Groping the New New Thing

Groping the New New Thing

Groping the New New Thing

A summary of what's in the major U.S. newspapers.
Oct. 10 1999 3:12 AM

Groping the New New Thing

The New York Times leads with the news that the IRS has been letting tax delinquents go without paying back taxes amounting to billions of dollars. The Washington Post goes local, reporting D.C. Mayor Anthony Williams' latest plan for streamlining D.C. government: He'll "reclassify [nice euphemism] about 900 mid-level managers in D.C. government so they could be fired without explanation if they do not do a good job." The Los Angeles Times lead says Clinton criticized the Senate during a Saturday speech to the U.S. Hispanic Leadership Institute for delaying consideration of Latinos he's appointed to judicial posts.

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A liberal group, People for the America Way, says seven of the 10 candidates for judicial posts whose nominations have been delayed longest are women or minorities. Senate Majority Leader Trent Lott argues that of 19 Clinton nominees confirmed this year, four are women; four Latino; and one African American. The expanding Latino vote has yet to be claimed by any leading presidential candidate.

Understaffing and the IRS's interpretation of new (1997 and 1998) Congressional rules to mean the agency must collect all back taxes from a delinquent taxpayer or none, rather than negotiating a payment schedule, get a lot of the blame for the IRS mess. An anonymous Connecticut delinquent who owes 90 grand is negotiating to settle his debt with a lump payment possibly as low as 22% of what he would have paid. He calls the IRS policy "crazy." Other delinquents are taking their chances, hoping the IRS won't act before a 10-year statue of limitations term runs out. A NYT editorial calls on Congress to act responsibly in regards to another state of arrears: The U.S. legally owes the UN $1 billion in back dues.

The LAT off-leads that researchers at Boston's Beth Israel Deaconess Medical Center believe they've developed the first effective therapy for cystic fibrosis (CF). It involves administering large amounts of a deficient fatty acid and is based on experiments with CF-inflicted mice. Human testing could begin early next year.

The Post fronts a biographical piece about young Al Gore, painting him as inordinately cautious, responsible, competitive, perfectionistic, dutiful. Under his high-school yearbook picture, editors ran an Anatole France quote: "People who have no weaknesses are terrible." (Clinton has certainly proven the corollary this statement implies to be true.) Wife Tipper is quoted on her first impression of him: "I thought, 'Oh, boy! He's good looking.' " NYT columnist Maureen Dowd says Gore's campaign is "already a matter of damage control." His campaigning has been so "weirdly incompetent," she claims, that "those close to him" are wondering whether he really wants the presidency or if he's just running because his Senator dad always wanted him to.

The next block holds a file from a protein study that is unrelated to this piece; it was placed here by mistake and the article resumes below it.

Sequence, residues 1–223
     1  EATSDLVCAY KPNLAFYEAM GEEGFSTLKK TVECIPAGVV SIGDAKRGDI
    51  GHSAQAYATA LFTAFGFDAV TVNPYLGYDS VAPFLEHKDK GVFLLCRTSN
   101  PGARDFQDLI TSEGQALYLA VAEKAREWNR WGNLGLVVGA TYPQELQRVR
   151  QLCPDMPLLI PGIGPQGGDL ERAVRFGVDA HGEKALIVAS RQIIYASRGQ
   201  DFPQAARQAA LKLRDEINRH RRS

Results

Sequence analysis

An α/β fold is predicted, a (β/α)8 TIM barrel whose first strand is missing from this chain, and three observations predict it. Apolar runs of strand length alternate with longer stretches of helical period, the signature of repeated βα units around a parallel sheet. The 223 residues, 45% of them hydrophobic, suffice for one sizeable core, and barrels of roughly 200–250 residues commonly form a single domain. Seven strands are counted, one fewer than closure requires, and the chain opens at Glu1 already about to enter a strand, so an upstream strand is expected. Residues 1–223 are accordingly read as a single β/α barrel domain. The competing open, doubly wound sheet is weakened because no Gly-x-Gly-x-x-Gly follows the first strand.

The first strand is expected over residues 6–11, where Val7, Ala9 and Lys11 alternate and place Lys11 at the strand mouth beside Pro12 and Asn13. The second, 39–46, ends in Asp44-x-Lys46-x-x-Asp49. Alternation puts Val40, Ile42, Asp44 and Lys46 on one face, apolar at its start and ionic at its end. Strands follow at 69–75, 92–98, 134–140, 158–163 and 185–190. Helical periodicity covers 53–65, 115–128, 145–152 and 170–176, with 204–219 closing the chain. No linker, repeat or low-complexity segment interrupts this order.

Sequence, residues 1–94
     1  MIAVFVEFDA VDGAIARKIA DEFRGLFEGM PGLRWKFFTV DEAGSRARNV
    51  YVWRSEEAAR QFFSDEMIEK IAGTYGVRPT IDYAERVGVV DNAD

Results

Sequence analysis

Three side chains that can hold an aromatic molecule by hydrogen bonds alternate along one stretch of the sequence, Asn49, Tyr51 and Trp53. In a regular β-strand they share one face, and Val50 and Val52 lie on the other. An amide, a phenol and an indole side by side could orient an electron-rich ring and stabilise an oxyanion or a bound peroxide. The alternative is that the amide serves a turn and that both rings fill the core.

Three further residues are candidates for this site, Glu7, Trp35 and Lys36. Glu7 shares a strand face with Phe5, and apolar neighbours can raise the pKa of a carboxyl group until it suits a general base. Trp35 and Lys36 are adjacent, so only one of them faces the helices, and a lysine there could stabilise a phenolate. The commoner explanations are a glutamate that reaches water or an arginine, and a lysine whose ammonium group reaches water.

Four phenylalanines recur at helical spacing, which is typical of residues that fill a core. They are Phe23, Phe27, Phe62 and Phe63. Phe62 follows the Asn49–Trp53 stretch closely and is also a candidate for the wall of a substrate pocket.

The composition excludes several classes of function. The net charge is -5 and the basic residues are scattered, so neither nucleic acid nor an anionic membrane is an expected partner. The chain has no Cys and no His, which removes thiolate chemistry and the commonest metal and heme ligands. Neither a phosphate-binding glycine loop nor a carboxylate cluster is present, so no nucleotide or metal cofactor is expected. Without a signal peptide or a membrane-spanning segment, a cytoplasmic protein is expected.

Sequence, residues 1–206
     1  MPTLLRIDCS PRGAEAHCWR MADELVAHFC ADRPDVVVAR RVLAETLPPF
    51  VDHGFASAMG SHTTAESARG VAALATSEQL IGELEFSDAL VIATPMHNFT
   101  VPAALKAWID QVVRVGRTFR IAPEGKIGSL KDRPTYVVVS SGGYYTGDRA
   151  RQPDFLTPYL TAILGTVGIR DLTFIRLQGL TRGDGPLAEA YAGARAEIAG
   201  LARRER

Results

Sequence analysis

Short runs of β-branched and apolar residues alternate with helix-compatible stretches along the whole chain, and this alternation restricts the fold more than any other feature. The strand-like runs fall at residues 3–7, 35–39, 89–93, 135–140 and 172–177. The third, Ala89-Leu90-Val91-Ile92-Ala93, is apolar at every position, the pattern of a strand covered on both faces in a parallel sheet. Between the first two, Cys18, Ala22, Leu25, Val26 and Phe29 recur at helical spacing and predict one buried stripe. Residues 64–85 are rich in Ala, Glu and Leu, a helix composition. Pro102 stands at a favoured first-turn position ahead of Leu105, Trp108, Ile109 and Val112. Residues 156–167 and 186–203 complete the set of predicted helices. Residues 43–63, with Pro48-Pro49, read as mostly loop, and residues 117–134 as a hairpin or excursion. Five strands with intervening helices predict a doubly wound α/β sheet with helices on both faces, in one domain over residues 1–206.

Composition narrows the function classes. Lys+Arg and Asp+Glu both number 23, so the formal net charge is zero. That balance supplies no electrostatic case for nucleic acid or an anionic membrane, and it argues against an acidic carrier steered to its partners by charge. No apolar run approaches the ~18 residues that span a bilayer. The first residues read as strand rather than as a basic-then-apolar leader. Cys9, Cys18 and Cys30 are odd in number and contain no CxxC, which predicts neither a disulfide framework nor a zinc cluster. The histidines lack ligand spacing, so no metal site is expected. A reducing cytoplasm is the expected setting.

The Post also fronts a story about an escaped Maryland murderer who police say may be dangerous. Next to it is an unrelated picture of a man at a D.C. festival. Wouldn't a picture of the escapee make more sense?

The NYT off-leads an analysis of the Comprehensive Test Ban treaty, currently being debated by the Senate, which would ban underground nuclear testing. Online, the piece includes a link to the treaty itself. Critics worry it will weaken America's position in the nuclear arms race. Since a 1992 moratorium on underground testing, the government has used computer and nonnuclear explosive tests to check America's nuclear stockpile. Clinton attached a condition to the treaty saying the U.S. would pull out if its stockpile isn't certified. The final paragraphs carry the news that nuke tests are more important for perfecting new weapons than correcting flaws in old ones. And according to a 1996 study, fewer than 1 percent of 830 specific defect discoveries, made between 1958 and 1993, in the U.S. stockpile resulted from nuclear testing. The writer does not explore what might happen if, as critics fear, "rogue states develop the capacity to attack our cities," as former U.N. delegate Jeane Kirkpatrick put it.

A lengthy LAT front piece, the first in a three-part series, states that while restoring democracy and reforming politics and economics were top priorities during the last two decades in Latin America, the focus is now turning, necessarily, to eradicating police corruption.

The NYT magazine includes a piece on Jim Clark, founder of Silicon Graphics and Netscape. The piece describes the type of person who makes it big in Silicon Valley as someone who recognizes "the new new thing... [Translation:] a notion that's poised to be taken seriously. It's the idea that is moments from gaining general acceptance and, when it does, will change the world." He describes a realization he had about the Internet, circa 1995: "All of a sudden it was clear to me ... that I was looking at the [equivalent of the] personal computer in 1985," Clark said. "It was this slow, clunky technology but people were using it. And it would get faster. I realized that this was the thing I'd been groping for."